I know it is against the more popular attachment/positive parenting theories out there, but I firmly believe that good manners are habits. The understanding and the whys come later. I believe that treating your kids with respect and expecting the same from them is important. It is not okay to hit other people and if we do, we need to apologize. I think it is important that kids learn that we all do things that we are not proud of sometimes, and we need to apologize to the people we have hurt. I apologize to my kids if I yell because it was not good behavior on my part. Honestly, I think Sarafina already understands the concept of saying sorry. She does it spontaneously now when she knows that what she did hurt someone else. I am not sure that would have happened if I had waited until I thought she could grasp the concept. Does that make sense? We all have to decide what behaviors we want to reinforce with our kids though, and at what age. All of our kids are different and all develop at different rates. What is okay for one family or one child, may not really work with another family or child.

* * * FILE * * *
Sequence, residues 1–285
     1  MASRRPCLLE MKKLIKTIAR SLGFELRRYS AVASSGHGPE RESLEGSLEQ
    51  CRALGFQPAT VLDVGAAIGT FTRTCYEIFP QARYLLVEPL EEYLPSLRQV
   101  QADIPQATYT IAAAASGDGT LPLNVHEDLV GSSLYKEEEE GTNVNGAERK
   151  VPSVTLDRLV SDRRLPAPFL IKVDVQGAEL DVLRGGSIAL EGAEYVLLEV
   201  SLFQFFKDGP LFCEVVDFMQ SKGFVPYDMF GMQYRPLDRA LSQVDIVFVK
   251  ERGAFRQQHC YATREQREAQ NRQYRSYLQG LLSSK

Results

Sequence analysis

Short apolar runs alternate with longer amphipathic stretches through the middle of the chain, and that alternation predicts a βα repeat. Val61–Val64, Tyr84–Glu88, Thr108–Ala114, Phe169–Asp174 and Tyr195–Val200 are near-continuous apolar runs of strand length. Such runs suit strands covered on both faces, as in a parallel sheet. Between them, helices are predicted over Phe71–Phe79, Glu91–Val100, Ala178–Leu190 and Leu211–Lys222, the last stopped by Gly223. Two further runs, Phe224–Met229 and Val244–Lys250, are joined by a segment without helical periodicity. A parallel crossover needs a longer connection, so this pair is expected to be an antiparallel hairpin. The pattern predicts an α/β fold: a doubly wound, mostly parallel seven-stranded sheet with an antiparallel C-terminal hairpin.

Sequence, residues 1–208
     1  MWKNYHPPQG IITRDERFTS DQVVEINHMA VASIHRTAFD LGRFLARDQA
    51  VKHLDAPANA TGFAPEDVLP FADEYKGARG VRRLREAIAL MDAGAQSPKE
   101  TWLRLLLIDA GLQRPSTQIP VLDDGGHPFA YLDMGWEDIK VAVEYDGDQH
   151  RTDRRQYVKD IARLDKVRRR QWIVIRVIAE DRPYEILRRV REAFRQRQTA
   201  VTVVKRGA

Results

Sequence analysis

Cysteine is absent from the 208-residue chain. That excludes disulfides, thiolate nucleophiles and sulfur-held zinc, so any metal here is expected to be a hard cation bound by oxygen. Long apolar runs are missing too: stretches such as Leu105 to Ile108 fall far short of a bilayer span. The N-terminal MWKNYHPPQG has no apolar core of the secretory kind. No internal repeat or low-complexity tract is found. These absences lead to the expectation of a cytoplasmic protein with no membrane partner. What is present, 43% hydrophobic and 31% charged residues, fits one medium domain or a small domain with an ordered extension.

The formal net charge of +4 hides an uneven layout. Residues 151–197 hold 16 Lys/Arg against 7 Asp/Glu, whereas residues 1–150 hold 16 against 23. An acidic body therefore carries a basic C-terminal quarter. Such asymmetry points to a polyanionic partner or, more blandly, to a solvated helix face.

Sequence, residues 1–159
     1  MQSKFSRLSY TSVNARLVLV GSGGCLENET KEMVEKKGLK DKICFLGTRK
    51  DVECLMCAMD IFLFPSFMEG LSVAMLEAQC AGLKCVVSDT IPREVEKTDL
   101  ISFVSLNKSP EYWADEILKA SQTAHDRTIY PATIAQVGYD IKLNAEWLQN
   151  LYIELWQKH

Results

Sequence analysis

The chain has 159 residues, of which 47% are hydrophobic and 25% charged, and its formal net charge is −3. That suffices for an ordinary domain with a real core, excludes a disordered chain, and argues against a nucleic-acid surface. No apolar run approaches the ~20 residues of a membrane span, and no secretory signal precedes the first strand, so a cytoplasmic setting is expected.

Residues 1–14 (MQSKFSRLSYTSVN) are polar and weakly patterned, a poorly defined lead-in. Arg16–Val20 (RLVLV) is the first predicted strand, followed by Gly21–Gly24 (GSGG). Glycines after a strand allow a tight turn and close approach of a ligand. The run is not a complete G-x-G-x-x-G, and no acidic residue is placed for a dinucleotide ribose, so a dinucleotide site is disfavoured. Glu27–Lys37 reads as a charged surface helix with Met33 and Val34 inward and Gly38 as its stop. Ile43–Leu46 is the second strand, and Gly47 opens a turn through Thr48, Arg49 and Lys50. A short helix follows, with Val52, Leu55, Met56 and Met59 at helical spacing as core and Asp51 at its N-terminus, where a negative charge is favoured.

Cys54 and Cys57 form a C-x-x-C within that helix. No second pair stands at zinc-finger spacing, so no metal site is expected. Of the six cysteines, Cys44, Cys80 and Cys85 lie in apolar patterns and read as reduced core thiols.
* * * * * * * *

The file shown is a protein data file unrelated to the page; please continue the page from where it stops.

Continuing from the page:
We're big on manners too. It's just seems hard right now because we tell brad no and take him away from the toys/sister to make him realize if you are bad, you lose things, but he just smiles! He's not scared if either of us. Every time we say no, I swear he tests us to see how far he can go, with this big smile on his face!